Robust Cloud Talent a Built-In Competitive Advantage
One of the most powerful tools a business can have at its disposal is the ability to make quick decisions when presented with new information. As work environments and the jobs that drive the regionâs economy continue to change, the ability to make these decisions faster will become even more imperative to stay competitive.
Managing an effective cloud solution and having the internal talent to maintain and run a cloud system will become table stakes to run the business of the future. Cloud architects, cloud engineers, data and analytics administrators, and security specialists are in great demand, and the potential for remote work in these spaces will make the market an even more competitive one, further enhancing the need for businesses to emphasize this need not later, but today. Every company with IT needs is impacted by cloud. According to the Computing Technology Industry Associationâs (CompTIA) Cyberstates 2021 sector assessment, more than 60 percent of Houstonâs tech workers are employed by non-tech sector companies. New demands for cloud systems and capabilities are driving demand for talent with specialized skills and, in many cases, opportunities for businesses to upskill current employees who already understand the culture and business.
Cloud services, and why businesses need them
At its most basic level, the core benefit of a cloud service is that it enables a company's IT resources to be available on demand, configurable, and shareable using remote servers as compared to traditional on-premises systems. This allows businesses to strategically reimagine how to operate and remain profitable and reallocate resources to other areas that otherwise would have been swallowed up by the time, labor, and equipment. In turn, this allows employees to accomplish day-to-day tasks without the burden that comes along with the costs of maintaining these systems.
This isn't something that will happen in the future: This is the current way of doing things by many leading businesses. Many common teleconferences platforms, shared data sources, document control models, and customer resource management tools are often currently cloud based. Use of these platforms and tools was only accelerated by the pandemic, particularly in healthcare where urgent needs for additional capacity was met by cloud solutions already being implemented. These trends will continue, as is always the case when technological change begets adaptation and normalization with secondary users who are slower to adapt to these business practices.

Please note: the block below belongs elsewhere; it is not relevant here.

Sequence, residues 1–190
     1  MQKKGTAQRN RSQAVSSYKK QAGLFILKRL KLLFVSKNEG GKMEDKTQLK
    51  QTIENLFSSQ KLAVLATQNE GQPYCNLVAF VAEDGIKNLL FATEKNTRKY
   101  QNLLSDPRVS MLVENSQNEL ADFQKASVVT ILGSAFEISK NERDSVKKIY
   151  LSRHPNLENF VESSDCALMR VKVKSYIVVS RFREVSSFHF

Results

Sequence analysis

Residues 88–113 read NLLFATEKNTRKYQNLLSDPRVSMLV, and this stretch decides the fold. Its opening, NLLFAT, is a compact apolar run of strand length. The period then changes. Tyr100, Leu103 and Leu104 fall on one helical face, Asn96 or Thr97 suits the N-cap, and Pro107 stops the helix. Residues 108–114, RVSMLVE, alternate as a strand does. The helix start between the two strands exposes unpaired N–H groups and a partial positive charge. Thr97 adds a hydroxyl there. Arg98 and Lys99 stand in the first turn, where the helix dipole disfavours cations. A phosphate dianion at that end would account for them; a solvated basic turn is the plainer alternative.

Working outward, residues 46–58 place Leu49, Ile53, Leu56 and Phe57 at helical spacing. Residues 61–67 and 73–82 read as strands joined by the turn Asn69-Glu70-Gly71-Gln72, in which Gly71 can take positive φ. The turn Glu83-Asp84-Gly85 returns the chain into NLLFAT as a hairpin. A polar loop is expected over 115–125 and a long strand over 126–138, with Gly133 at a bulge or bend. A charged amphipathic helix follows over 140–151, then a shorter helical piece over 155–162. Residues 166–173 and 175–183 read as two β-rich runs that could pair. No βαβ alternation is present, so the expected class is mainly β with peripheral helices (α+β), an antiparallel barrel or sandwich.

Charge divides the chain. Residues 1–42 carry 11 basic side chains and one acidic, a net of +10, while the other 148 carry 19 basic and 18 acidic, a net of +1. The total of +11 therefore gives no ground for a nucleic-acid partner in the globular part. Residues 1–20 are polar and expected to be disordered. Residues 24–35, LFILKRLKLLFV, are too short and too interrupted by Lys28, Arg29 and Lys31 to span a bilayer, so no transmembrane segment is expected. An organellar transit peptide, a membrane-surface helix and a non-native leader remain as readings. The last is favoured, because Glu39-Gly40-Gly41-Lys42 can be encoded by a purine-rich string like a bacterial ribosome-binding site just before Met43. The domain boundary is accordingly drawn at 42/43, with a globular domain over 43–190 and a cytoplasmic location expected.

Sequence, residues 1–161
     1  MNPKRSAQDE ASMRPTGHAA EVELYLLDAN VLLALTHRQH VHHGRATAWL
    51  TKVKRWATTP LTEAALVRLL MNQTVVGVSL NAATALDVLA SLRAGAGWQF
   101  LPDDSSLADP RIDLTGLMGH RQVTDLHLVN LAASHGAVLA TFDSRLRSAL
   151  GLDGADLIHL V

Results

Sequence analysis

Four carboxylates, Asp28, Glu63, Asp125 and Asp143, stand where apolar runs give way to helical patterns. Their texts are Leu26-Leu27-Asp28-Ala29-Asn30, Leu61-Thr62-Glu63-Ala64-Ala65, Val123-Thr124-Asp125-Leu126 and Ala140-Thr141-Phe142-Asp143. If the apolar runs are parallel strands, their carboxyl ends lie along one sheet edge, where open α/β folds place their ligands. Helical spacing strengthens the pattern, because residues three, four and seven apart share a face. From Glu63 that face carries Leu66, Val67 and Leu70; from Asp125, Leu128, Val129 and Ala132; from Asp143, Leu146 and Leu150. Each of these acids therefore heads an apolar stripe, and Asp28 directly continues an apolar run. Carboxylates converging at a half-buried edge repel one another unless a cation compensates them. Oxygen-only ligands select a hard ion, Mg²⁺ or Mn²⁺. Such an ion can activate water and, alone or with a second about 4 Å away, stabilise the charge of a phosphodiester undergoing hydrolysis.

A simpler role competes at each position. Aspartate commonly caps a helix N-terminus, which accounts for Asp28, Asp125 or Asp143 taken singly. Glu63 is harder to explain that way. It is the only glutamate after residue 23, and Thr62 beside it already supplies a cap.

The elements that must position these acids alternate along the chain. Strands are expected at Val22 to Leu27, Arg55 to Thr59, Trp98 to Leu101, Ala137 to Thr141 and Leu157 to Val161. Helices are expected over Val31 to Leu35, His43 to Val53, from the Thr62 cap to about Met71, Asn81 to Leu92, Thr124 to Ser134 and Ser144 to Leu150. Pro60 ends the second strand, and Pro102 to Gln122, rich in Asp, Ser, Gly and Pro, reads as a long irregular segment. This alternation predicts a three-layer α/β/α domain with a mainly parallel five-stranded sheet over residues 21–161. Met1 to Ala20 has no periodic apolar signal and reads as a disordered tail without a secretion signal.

The future of cloud is real time, analyzable, understandable, and decision-oriented data and business resources. Blockchain, Artificial Intelligence, and robotics capabilities will only enhance and accelerate the need for businesses of all sizes and stature to understand and harness the power of cloud-based systems.
Providing talent solutions for increasing cloud demand
Cloud solutions providers recognize a current lag in readily available talent and know-how to maintain viable cloud systems and have taken active steps address the shortfall. Amazon Web Services (AWS), Google Cloud Platform, Microsoft Azure, and other cloud providers offer short term, low-cost training certifications on cloud essential skills and competencies that can keep a companyâs incumbent workforce competitive and up-to-date on what it will take to keep cloud services working but also, proactively, make cloud a tool for improving the bottom line. Certification courses run the gamut from self-paced modules to instructor led classes, but providers are increasingly partnering with local colleges and universities, broadening opportunities for individuals to upskill and develop these high-value skills. Locally, Houston Community College, Lone Star College and the University of Houston are AWS Academy training partners that offer AWS curriculum.
To increase the pool of skilled cloud talent and its diversity, educational institutions are partnering with community organizations to extend their reach and develop the skills needed by employers. For example, Houston Area Urban Leagueâs Urban Tech Jobs Program 2.0 partners with the University of Houston who provides the AWS cloud practitioner and solutions architect courses for the Urban Leagueâs clients. In making certification courses widely available to individuals, community organizations are helping build a more robust and diverse tech talent pool.
CompTIAâs recent Workforce and Learning Trends report indicates that companies are renewing focus on worker resilience, with 42 percent of human resources professionals surveyed anticipating new efforts on upskilling and reskilling current employees. Forty-one percent said their companies will have a new emphasis on communication and on emerging tech skills for remote work.
The accelerated nature of technological change by its very nature would indicate companies need to be as proactive as possible in staying ahead of what is to come in mitigating for the disruptions that follow. This is particularly imperative when it comes to maintaining a workforce capable of supporting the systems at the heart of any business model.
As the line between labor and AI continues to blur moving forward, a business with a trained, experienced workforce will have built in competitive advantages when going to market. Building and maintaining a well-versed cloud organization will be good for business tomorrow, and the resources are currently available to make that happen today.
The Partnershipâs UpSkill Houston initiative works to strengthen the talent pipeline employers need to grow their businesses and to help all Houstonians build relevant skills and connect to good careers that increase their economic opportunity and mobility. Learn how.